Jacob Burckhardt: Tradition and the Crisis of Western Culture
From Modern Age, a Quarterly Review, vol.39, winter 1997.
By the second half of the nineteenth century it was clear that the French Revolution had ushered in an era of cultural crisis unprecedented in nature. To a far greater extent than the Renaissance and Reformation the French Revolution broke the pattern of the past, overturned the previous religious, social and political order and promised a new and perfected humanity. The Jacobin terror, which became the revolution’s hallmark ushered in the tyranny of Napoleon. In the half century, which followed the French Revolution, wave after revolutionary wave challenged the stability of state and society in Europe and Latin America. Revolutionary equality became more important ideologically than liberty, and socialism promised the bright future, which the French Revolution failed to provide. The Restoration of the ancient order after 1815 was only partially successful and, although general war was avoided until 1914 and aristocratic society maintained a tenuous power in Europe, industrialization and urbanization continued the work of radical social transformation which the French Revolution had begun. Secular intellectuals who increasingly displaced the clergy carried forward the anti-religious ideology of the philosophes and their devotion to social transformation.
It was in this atmosphere that the great pessimistic philosophies of history were born-philosophies of history which were anti-progressive and conservative, anti-Hegelian, anti-Marxist and anti-democratic. But beyond a rejection of the progressivism and belief in social transformation which philosophies of history stemming from the thought of Kant and Hegel produced, the pessimist philosophers of history sought to explain the historical reasons for the crisis of European culture and to predict the path of historical development which this crisis would take.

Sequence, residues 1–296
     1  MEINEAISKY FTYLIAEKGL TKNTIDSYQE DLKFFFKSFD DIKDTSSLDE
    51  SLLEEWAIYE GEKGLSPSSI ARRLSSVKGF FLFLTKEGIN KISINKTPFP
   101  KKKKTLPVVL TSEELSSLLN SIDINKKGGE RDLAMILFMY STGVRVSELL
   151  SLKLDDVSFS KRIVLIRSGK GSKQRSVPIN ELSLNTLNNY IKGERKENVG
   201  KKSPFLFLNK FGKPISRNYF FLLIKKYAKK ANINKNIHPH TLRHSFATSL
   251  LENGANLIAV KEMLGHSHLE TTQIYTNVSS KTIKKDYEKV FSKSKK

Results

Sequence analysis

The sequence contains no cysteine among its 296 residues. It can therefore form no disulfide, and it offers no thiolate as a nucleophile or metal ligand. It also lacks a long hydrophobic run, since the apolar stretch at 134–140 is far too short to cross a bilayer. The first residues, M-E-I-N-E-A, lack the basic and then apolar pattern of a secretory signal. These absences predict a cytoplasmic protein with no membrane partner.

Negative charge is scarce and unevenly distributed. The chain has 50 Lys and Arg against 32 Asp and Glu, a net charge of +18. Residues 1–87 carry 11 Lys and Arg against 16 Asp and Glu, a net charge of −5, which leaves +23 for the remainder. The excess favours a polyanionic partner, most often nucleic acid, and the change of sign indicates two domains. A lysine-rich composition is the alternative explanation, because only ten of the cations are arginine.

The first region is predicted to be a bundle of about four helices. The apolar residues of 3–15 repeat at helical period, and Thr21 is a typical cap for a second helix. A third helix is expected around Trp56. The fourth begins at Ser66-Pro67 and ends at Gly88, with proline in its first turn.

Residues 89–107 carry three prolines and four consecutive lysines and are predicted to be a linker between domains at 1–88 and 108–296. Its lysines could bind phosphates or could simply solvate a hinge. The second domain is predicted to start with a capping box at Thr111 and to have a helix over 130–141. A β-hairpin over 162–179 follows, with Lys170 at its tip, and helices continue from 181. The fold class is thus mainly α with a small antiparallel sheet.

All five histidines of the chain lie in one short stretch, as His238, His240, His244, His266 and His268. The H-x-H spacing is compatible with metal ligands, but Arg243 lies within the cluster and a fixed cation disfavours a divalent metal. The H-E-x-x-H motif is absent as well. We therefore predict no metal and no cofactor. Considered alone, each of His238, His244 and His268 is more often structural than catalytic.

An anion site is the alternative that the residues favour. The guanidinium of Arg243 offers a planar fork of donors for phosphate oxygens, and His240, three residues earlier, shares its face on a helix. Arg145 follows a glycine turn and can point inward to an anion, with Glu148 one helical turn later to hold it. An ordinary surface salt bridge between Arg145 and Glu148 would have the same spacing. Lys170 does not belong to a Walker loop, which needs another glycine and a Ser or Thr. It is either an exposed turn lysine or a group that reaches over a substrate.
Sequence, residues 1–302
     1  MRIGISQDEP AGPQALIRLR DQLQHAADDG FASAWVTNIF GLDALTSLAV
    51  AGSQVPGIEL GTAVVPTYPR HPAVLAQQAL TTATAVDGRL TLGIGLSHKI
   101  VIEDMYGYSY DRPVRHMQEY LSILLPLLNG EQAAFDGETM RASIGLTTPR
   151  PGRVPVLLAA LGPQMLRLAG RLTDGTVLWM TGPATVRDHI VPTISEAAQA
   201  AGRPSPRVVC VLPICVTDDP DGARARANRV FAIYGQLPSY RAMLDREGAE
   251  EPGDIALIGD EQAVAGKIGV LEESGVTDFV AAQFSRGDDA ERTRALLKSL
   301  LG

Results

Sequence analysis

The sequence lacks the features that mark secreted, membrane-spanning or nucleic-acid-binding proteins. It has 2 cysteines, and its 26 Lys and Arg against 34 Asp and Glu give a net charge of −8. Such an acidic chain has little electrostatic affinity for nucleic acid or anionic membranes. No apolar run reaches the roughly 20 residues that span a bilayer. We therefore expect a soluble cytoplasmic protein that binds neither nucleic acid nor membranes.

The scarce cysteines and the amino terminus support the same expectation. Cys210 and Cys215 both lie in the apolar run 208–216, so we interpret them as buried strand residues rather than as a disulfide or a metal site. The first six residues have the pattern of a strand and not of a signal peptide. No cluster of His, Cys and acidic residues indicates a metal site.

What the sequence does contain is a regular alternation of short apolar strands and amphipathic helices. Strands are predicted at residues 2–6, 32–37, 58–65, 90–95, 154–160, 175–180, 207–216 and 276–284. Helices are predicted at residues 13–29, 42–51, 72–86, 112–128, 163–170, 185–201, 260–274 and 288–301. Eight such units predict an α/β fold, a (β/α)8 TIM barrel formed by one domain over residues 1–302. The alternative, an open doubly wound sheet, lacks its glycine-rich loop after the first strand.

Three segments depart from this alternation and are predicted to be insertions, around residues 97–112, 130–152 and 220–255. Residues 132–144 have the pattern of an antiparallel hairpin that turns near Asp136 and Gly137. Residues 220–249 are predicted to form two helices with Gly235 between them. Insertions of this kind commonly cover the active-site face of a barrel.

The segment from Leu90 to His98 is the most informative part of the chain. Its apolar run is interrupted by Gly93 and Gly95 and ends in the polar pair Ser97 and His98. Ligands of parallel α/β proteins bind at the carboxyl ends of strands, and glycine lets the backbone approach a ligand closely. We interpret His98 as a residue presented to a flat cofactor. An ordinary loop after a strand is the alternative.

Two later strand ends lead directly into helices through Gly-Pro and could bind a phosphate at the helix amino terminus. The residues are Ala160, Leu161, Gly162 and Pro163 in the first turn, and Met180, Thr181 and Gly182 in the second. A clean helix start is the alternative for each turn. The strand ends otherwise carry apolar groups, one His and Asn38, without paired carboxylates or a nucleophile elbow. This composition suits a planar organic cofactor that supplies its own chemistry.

Of course, until World War I the philosophers of progress and socialism dominated European thought even as Marxists, racists, and feminists still dominate faculties of history in American universities. Of the Whig interpretation of history, as David Cannadine so ably demonstrates in his recent biography, G.M. Trevelyan, “A Life in History”, only World War I shook the faith of Whiggery’s high priest in inevitable progress. However at the war’s end Trevelyan told his mother, “I believe democracy is on the march now, all along the line, the world’s great age begins anew.” “[The] despotisms of the ancient regime in Central and Eastern Europe” had at last been overthrown and this held out the prospect of a “new era”; a “bold adventure” (in European history might begin]. As Trevelyan was shortly to see, this “new era” saw the collapse of European culture and the rise of the dictators.
Following World War I the mood of Europe became pessimistic. No historian in the inter-war years enjoyed a wider reading public or sold more copies of his work than Oswald Spengler, the author of “The Decline of the West”. Following World War II Arnold Toynbee’s “A Study of History” found a similar wide readership and influence. These works continued and brought to full flower the pessimistic historical tradition which found its inception as a response to the French revolution.
Marx and Lenin saw the French Revolution, progressivism and the truncated and superficial philosophy of the philosophes as directly ancestral to the Russian Revolution. In 1989 that revolutionary tradition was swept away. Two hundred years of revolutionary agony died in a few months when the human mind once more looked upon the outlines of reality and achieved something resembling clarity. In the great political interregnum which has followed, in the light of the death of political ideas and political leadership which had developed in the Western world, it is false to speak of “the end of history.” It is far more accurate to speak of the death of humanity and particularly those humane values, which had their basis in Christianity and in Western rationalism. Suddenly the pessimism of Lasaulx, of Burckhardt, of Nietzsche, of Spengler and of Toynbee appears to be more than justified. The world has literally cut itself adrift from meaning.